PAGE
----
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At the time when Lincoln Steffens wrote The Shame of the Cities, many American cities were mired deep in political corruption. One of the main reasons for this was a general lack of participation in politics among the ordinary citizenry.

This left the field wide open to wealthy businessmen, who participated in the political system by using their wealth and influence to bribe municipal politicians to get what they wanted. However, Steffens wasn't primarily exposing corruption; he was showing his readers what happened when ordinary Americans chose not to get involved in a political system which was, after all, supposed to serve their interests.

The immediate impact of The Shame of the Cities was profound. It gave added impetus to the Progressive movement, one of whose main goals was the elimination of corruption in politics, especially in the big cities. It also encouraged ordinary citizens to become more actively involved in their cities' politics.

In this way, the various party machines that ran America's biggest cities were suddenly being challenged for the first time by the very people they were supposed to represent. In writing The Shame of the Cities, Steffens had thrown down a challenge to his fellow citizens, and many of them responded with enthusiasm.

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Lincoln Steffens's groundbreaking book The Shame of the Cities, published in 1094 (based on articles in McClure's), exposed the political corruption, including bribery and graft, carried on in many American cities at the time. His intent was to provoke everyday Americans into caring about politics and the way in which their cities were governed.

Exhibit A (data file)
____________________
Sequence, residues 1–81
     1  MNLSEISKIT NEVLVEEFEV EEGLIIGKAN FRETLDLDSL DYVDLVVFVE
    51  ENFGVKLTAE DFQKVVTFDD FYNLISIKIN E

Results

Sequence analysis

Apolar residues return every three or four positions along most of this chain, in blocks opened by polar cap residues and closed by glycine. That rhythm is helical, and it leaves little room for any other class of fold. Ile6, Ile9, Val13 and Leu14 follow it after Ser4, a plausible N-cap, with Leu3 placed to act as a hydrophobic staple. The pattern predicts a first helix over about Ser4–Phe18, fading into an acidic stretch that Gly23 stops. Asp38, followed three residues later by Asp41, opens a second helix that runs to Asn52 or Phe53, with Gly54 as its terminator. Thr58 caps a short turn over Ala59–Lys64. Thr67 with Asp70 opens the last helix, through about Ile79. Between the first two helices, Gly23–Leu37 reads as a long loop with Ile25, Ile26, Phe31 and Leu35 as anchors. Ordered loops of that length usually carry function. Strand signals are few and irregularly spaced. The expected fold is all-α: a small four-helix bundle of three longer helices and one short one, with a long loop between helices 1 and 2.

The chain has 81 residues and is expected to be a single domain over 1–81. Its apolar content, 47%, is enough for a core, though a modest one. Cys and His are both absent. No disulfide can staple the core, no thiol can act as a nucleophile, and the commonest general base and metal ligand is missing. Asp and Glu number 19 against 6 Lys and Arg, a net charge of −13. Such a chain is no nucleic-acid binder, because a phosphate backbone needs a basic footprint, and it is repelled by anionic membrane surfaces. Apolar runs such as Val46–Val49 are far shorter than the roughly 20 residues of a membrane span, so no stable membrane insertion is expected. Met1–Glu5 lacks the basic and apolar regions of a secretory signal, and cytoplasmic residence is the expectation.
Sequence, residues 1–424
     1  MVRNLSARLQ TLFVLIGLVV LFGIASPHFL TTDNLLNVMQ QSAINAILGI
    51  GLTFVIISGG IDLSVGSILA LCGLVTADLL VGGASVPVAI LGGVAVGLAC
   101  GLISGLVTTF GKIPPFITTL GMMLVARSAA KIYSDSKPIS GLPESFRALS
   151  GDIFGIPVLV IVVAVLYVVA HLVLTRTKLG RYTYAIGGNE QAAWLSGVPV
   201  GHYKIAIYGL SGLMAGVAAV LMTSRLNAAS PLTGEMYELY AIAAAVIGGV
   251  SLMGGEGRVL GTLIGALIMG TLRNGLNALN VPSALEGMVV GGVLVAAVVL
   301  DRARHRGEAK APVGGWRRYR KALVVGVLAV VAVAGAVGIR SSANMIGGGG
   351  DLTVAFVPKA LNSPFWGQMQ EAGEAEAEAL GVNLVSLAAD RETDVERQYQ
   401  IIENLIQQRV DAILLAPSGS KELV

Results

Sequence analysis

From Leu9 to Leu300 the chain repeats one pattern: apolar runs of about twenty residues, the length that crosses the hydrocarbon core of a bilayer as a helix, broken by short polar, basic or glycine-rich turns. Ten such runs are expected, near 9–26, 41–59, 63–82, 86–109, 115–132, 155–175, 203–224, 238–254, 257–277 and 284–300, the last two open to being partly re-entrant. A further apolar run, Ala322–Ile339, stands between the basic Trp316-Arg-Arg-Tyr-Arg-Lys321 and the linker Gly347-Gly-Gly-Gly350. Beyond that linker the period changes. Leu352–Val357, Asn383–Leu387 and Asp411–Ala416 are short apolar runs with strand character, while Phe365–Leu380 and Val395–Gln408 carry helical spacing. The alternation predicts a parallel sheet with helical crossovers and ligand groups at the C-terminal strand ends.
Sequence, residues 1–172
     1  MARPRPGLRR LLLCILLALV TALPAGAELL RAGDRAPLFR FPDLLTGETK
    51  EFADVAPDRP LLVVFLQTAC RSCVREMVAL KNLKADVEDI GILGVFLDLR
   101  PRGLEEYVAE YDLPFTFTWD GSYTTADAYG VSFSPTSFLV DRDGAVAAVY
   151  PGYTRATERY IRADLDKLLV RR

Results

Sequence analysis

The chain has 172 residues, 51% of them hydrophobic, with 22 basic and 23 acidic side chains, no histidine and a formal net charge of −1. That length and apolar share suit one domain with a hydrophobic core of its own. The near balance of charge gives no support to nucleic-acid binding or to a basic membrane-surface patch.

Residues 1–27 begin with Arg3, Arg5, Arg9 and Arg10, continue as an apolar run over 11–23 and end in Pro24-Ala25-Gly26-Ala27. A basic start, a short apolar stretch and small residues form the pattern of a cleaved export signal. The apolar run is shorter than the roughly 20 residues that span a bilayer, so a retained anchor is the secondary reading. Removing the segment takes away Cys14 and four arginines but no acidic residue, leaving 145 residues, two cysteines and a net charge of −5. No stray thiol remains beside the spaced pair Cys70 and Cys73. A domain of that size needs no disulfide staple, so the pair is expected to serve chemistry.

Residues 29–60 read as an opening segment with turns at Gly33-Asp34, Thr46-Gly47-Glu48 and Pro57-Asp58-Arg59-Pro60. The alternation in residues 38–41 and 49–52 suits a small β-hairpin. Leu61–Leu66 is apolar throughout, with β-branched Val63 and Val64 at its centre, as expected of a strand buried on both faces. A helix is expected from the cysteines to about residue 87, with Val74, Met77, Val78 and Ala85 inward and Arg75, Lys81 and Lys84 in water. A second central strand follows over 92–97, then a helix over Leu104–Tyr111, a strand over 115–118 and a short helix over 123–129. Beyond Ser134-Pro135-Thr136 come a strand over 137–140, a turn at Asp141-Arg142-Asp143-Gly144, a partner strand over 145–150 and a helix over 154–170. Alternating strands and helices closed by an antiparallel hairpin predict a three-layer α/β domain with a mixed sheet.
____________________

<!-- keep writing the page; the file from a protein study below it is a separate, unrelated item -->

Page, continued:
His book had an important impact on politics in the country, and historians believe it helped make the Progressive movement more national and prominent. Though this movement had existed in isolated pockets, after Steffens's muckraking work, Progressivism became a national reform movement that involved people working on the local, state, and national level to reform social problems, including political corruption, temperance, child labor, and other issues. Reform movements in politics led to attempts to curb the problems of municipal corruption through the institution of city managers and city commissions that had oversight over the workings of municipal governments.

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I would say that one of the largest impacts of the book was to bring attention to the idea that business growth cannot be divorced from social responsibility.  Cities had become an industrial center at the outset of the 20th century and with such a role came some defining elements.  Urbanization had led to crowded and cramped conditions, filled with individuals who had become cogs in the machinery of economic progress.  These centers of urban population had been comprised of individuals who saw their economic rights violated with poor working conditions as well as their sense of dignity violated with the belief that business growth trumped over all.  Steffens' study of the conditions in American cities within industrialization allowed America to understand that conditions in the urban center of America have to be understood, rectified, and enhanced through positive intervention in order for America to fulfill the promises and possibilities intrinsic to it.